Wednesday, 9 January 2013


Prepare your body
Some of the most important development for your baby is done in the very earliest weeks after conception and throughout the first trimester (the first 12 weeks of your pregnancy) so your body needs to be ready to provide all the nutrients necessary for cells to divide and grow into a foetus. Prenatal multivitamins are available, designed to provide everything you need for the early stages, but the most important supplement to take is folic acid. This is vital to prevent defects of the neural tubes, which can cause the debilitating condition spina bifida. 

The NHS recommends you take a 400microgram tablet of folic acid each day from when you start trying for a baby until 12 weeks of pregnancy. If you got pregnant without realising it, start taking the supplement as soon as possible. It’s recommended that potential mums are a healthy weight when they get pregnant. If you’re overweight and planning a baby, speak to your doctor before trying. Losing weight may increase your chance of conceiving and lowers your risk of weight-related complications during pregnancy and birth. Plenty of fruit and veg is important in your healthy pregnancy diet.

During pregnancy
Don’t get sucked into the trap of eating enough for two. You actually don’t need any extra calories until the final trimester (last three months) of your pregnancy, when you need to eat around 300 more calories a day. It’s recommended you eat little and often as pregnancy can make you extra hungry. Six to eight small meals a day may keep you more satisfied than three larger ones. And make sure you’re drinking plenty of water as this can help with fluid retention and swollen ankles, and also reduce the chances of you suffering common pregnancy ailments such as constipation, hemorrhoids and bladder infections.

Eat a balanced diet with plenty of fruit and veg, plus protein and complex carbohydrates such as wholewheat bread and pasta. Modern Western diets are often deficient in nutrients that are important for a developing baby so you may want to take supplements that include vitamin D, iron, vitamin C and calcium. But be warned that high levels of vitamin A can harm your baby so avoid multivitamins that contain it and check any supplements you take in case they have added vitamin A. Some cheeses are off the menu during pregnancy.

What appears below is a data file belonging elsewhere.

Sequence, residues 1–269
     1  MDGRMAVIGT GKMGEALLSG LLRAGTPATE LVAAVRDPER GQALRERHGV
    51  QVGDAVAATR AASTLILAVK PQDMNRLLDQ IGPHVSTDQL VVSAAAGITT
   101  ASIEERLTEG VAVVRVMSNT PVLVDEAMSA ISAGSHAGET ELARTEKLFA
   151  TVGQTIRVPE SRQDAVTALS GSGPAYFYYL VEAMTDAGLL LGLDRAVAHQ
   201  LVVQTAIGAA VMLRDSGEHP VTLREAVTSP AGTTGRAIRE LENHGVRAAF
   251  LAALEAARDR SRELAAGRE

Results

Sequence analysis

Foods to avoid
Pregnancy means waving goodbye to some of your favourite foods, as they could put your baby at risk of food poisoning or development disruption. These include blue and mould-ripened cheese (such as Camembert, Brie and others that come in a similar rind), which may contain listeria, a bacteria that can cross to your baby’s system through the placenta. You also need to avoid raw or undercooked eggs. To be safe, both whites and yolks should be hard (say goodbye to soft boiled with soldiers) and don’t eat any homemade foods that use raw eggs, such as mayonnaise. Rare steak is also out the window as all meat needs to be cooked right through to avoid toxoplasmosis (a parasitic infection found in meat, soil and untreated water), though this condition is very rare.

Gone are the days when pregnancy meant putting your feet up for nine months. Now recommendations are that mums-to-be stay active up until birth if possible. Being fit will help you during labour, which is a huge physical effort, and exercising during your pregnancy will keep you healthy throughout and give you a better chance of losing your baby weight in the months after birth. Exercise videos designed for pregnancy, prenatal yoga and walking are all great ways to stay fit in pregnancy. Gentle exercise is ideal in pregnancy.

Big no-nos
As most mums-to-be know, smoking is terrible for the health of your unborn baby and it’s also recommended you cut out both alcohol and caffeine too. If you can't give up entirely, you should avoid drinking more than 200mg of caffeine a day, which is the equivalent of two cups of tea. Coffees from different outlets vary in strength, and remember that caffeine is also found in chocolates and some fizzy drinks so remember to include them in your total. Alcohol should be limited to an absolute maximum of one or two units a week and ideally avoided entirely in the first trimester. 

Recreational drugs are obviously dangerous to your unborn baby and remember to check with your doctor or pharmacist that any medicines you buy or are prescribed are safe in pregnancy. It’s easy to get paranoid about what you can and can’t do during pregnancy but use your common sense and remember to give yourself some time to relax and take it easy – you won’t get much of that when your little one arrives!